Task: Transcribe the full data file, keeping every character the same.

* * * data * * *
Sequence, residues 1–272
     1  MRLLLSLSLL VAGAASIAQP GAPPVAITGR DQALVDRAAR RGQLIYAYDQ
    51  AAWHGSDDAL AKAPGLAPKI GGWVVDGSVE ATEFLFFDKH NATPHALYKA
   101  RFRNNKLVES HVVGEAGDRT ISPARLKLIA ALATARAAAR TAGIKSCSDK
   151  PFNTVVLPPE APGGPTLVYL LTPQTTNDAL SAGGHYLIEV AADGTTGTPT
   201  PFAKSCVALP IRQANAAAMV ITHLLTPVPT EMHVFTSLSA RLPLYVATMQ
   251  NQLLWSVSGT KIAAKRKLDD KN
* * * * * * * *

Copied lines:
Sequence, residues 1–272
     1  MRLLLSLSLL VAGAASIAQP GAPPVAITGR DQALVDRAAR RGQLIYAYDQ
    51  AAWHGSDDAL AKAPGLAPKI GGWVVDGSVE ATEFLFFDKH NATPHALYKA
   101  RFRNNKLVES HVVGEAGDRT ISPARLKLIA ALATARAAAR TAGIKSCSDK
   151  PFNTVVLPPE APGGPTLVYL LTPQTTNDAL SAGGHYLIEV AADGTTGTPT
   201  PFAKSCVALP IRQANAAAMV ITHLLTPVPT EMHVFTSLSA RLPLYVATMQ
   251  NQLLWSVSGT KIAAKRKLDD KN